Elite athletes choose their own goals. They know what they want and they work very hard to get there. They constantly push their boundaries, follow strict training and diet plans und certainly don’t want to take any risk that might be a threat their goals. What an incredible mindset!
I am by far not an elite athlete. But I can say that I admire this mindset and that I experienced a very focused mindset when I was training for my first half-marathon in Melbourne in 2014. I also followed a straight training and diet plan (I was a vegetarian back then) and was dedicated to reach my goal: to run 21.1km in less than 2 h and 15 mins (note: I made it in 2h 2 mins – yay!). Exactly 2 weeks and 2 days before the day of the Melbourne Marathon I became a vegan. You might wonder if this was a wise decision: to change your diet just before a big sports event like this. But I had no other choice. Some circumstances brought me together with some inspiring vegans. I learned facts about the dairy and egg industry and the choice was easy: I did not want to support this industry with my diet any longer.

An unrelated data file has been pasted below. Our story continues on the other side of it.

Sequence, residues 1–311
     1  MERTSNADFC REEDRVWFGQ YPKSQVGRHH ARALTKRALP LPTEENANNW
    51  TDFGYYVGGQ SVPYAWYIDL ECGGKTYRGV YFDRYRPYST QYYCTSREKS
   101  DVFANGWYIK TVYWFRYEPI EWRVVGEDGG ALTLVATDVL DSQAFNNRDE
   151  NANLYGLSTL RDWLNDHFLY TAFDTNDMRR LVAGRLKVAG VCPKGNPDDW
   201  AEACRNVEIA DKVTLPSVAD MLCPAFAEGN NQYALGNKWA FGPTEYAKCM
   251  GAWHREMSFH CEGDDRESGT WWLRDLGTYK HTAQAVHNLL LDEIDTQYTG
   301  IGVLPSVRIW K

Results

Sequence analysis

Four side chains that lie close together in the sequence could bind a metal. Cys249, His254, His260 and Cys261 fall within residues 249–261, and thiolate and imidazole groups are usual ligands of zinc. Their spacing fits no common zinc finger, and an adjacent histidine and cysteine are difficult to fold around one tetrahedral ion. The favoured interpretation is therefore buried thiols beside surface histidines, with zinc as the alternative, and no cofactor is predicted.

The really good news was: I was by far not alone! Once I made the decision and looked for more information, I found many (professional!) vegan athletes who explained in interviews or on their websites how a vegan diet changed their lives. You can read inspiring stories about the difference they experienced once they changed their diet to a vegan diet. An enhanced athletic recovery and higher sense of well-being are two commonly mentioned physical improvements. Some, such as Scott Jurek, a vegan ultramarathon runner, mentioned that he acheived a higher performance. Rich Roll, a vegan Ultra- Athlete, is another inspiring story. He turned around his life at the age of 40 after being overweight and living an unhealthy life up to that point. Another example of plant-power is Patrick Baboumian, a German vegan strongman who has broken the world log lift record for athletes weighing under 105kg with a 190kg lift. Or NBA basketball player Ben Gordon, German soccer player Marco Sailer, etc. you name it! You only have to google ‘vegan athletes’ and you will be surprised how many you will find (and they in such an incredible shape)!